TEAM JOCH vs. Android: The Ultimate Showdown
Jon Oberheide and Zach Lanier
Android Security Overview
Base platform :
- ARM Core
- Linux Kernel 2.6.3x
- Native Libraries
- Dalvik VM
TrustZone Security Foundation by ARM
- ARM11 TrustZone –> Unused!
- ARM11 Jazelle JVM –> Unused!
- ARMv6 eXecute-Never (XN)? –> Unused!
Mobile ASLR sucks!
Exploiting like it’s 1990
- Executable stack/heap
- Non-randomization of mmap/brk
Permissions based models
Applications explicitly request pre-defined permissions. All or nothing (ACCEPT or don’t install)
standard uid/gid – generating a unique account per app to prevent overwriting of files
Linux kernel = Swiss cheese
Jailbreaks, aka local privesc
Dalvik VM != sandbox
- Not limited to execute dex bytecode
- Can pop out of VM to execute native code
- Any 3rd party app can root your phone by exploiting a kernel vuln
Native code packaged within APKs
How to build a mobile botnet
- Build some fun looking game/app
- including RootStrap functionality
- Periodically phone home to check for new payloads
- As soon as a new kernel vuln is discovered, push out exploit payload
- Rootkit a bunch of phones
PoC –> Eclipse Preview
200+ downloads in under 24 hours
Not very good reviews… 1*
Google pulled the software from the store
Google used the REMOVE_ASSET function to uninstall the app from the phones
Google can not only remove software, but use INSTALL_ASSET to install things!
There’s a lot of “platform goo” in the middle between applications and kernels
What to attack?
- Not kernel, not apps!
- How about the permissions framework
Permissions approval process is designed to warn users of what an application needs to access
Google is a sneaky panda!
You don’t actually download/install the app through the market
When you click install in market, Google sends the INSTALL_ASSET command to your phone to begin the install using the GTalkService persistent data connection used to connect your phone to Google.
This is one of the few closed-source parts in Android.
Connections are SSL… but SSL isn’t everything.
If you can pop the GTalkService Servers at Google, you could push out apps to every Android phone!
Gap in responsibility
Market app performs the perceived install process and acceptance of permissions
The GTalkService then takes it from there
The communications use Google’s Protobuf format which has been at least partially documented by the Android Market API project on googlecode.
Elements of an install request
Needs to be populated with
- Misc fields
- App ID
- Can be derived from dissecting market requests
- Auth Token
- Turns out this can be stolen from the Android AccountManager
Bypassing permissions approval
- Steal the “android” service token used by the market from the AccountManager
- Construct ProtoBuf request to market servers
- Bypass the permissions approval process by directly requesting the software from the GTalkService using INSTALL_ASSET
When people viewed the install page in the market, the user wasn’t prompted and in the background other applications were installed
Platform Security Write-up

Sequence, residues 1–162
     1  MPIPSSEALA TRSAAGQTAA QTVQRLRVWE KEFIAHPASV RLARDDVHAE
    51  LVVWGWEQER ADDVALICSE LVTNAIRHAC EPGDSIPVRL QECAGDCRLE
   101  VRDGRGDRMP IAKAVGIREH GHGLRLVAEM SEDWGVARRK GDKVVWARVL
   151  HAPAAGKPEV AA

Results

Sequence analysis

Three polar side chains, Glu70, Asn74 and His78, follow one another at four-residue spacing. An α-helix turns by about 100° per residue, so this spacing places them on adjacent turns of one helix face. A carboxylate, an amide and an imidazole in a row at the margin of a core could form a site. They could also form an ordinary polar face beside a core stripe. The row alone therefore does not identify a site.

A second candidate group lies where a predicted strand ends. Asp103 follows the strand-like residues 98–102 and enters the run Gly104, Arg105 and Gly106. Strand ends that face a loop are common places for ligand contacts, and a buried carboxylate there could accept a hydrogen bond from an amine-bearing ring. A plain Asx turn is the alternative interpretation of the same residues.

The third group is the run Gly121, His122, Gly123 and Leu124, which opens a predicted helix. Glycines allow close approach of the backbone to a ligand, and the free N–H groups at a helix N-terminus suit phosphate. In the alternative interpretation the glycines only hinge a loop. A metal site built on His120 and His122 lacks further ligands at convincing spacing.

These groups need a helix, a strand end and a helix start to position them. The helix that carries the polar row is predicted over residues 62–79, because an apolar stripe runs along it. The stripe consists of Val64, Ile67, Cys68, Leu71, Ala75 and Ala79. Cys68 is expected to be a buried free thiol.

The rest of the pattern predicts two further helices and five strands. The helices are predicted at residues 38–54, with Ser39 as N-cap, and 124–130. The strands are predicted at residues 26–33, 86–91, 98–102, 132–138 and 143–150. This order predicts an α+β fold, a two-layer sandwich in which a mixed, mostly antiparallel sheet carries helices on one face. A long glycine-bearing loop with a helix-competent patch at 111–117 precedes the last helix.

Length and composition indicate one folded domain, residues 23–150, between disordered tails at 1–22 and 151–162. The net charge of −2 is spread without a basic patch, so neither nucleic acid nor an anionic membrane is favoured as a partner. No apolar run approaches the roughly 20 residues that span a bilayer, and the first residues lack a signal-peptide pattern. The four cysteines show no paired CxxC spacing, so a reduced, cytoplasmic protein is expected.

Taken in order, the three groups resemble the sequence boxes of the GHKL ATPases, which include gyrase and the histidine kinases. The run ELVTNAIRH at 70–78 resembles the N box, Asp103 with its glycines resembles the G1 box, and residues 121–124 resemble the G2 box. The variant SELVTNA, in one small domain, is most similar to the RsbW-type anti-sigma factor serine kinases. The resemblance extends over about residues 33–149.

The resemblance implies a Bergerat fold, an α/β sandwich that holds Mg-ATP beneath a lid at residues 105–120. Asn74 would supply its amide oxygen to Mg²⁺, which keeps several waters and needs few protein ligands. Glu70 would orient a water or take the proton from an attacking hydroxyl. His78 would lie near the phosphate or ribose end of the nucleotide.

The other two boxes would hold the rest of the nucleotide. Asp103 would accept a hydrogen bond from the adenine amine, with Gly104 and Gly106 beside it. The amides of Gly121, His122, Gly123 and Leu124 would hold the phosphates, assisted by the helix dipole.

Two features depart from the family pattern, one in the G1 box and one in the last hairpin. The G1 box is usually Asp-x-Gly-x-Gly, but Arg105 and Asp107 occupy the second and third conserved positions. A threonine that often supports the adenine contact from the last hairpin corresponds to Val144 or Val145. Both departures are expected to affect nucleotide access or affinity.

- Donut: Fixed
- Foyo: Fixed
- Eclair: no confirmation yet, may be vulnerable
Solution adds a process where the marketplace flags an app as accepted which the GTalkService checks before installing.
Platform complexity leads to vulns
- Round-about marketplace and GTalkService procedure
- “server-initiated” flag fix worth investigation
The web pushed a lot of content to the browser
Now instead of data, functionality is being pushed to the web.
Mobile brought about an app for everything. Most could be achieved through the browser
Carriers: “We trust you because you’re on our network”
Client-side data trust issues… admin=1 is live again!
Whitebox source-code review
- Sometimes it’s trivial to get app source code
- Acquiring Application binaries
- Reverse Engineering (Disass/Decomp)
- Network Analysis (Fuzzing, Protocol Analysis)
Testing Tools and Techniques
- JDgui / JAD
- APKtool (wrapper around smaller tools)
Originally written in Java, like most Android apps
Source available under Apache 2.0 license
FourSquare API supports Basic Auth and OAuth
- OAuth Includes signatures for transactions to prevent replay attacks etc…
- So naturally FourSquare used Basic Auth over HTTP
FourSquared app does have OAuth support, but it’s not actually used
Fixed since, as FourSquare API now forces HTTPS (at least it’s one step in the right direction)
Simple crash in storage quota viewer
- Divide by zero error leads to Dos
- Attacker mus successfully intercept and modify the server response
More of an annoyance than a real problem… app crashes!
This app also supported some DRM protections however
- App supports sharing video, audio, image content
- This is set by an XML manifest that says what is and isn’t possible
- DRM enforced on the handheld….
- intercept, change read only to share and DRM bypassed
Runs on multiple platforms
Custom permissions restricts us from sending messages (intents) to the runtime
This app implements a custom intent service which can be spoken to as long as you have the right key!
But other malicious apps can clobber widget content! (CWE-276: Incorrect Default Permissions)
The configuration and store on the filesystem is world writable, allowing for clobbering the app content (modify widget anybody)
Lookout mobile security app
> 4 million users
Performs scanning, backup, lost device recovery.
Installs with world writeable configuration file (/data/data/com.lookout)
Has a code execution flaw due to its call to liblookout.so from a shared location.
By overwriting the lib (or changing the read path in the world writeable config) you can get code exec
Security app != Secure phone
- No real guidance, standards, best practices
- Bone-headed unix mistakes from 1995 are appearing in mobile now
- Shmoocon Schedule –> HERE
- Talk Synopsis –> HERE
- Market API –> HERE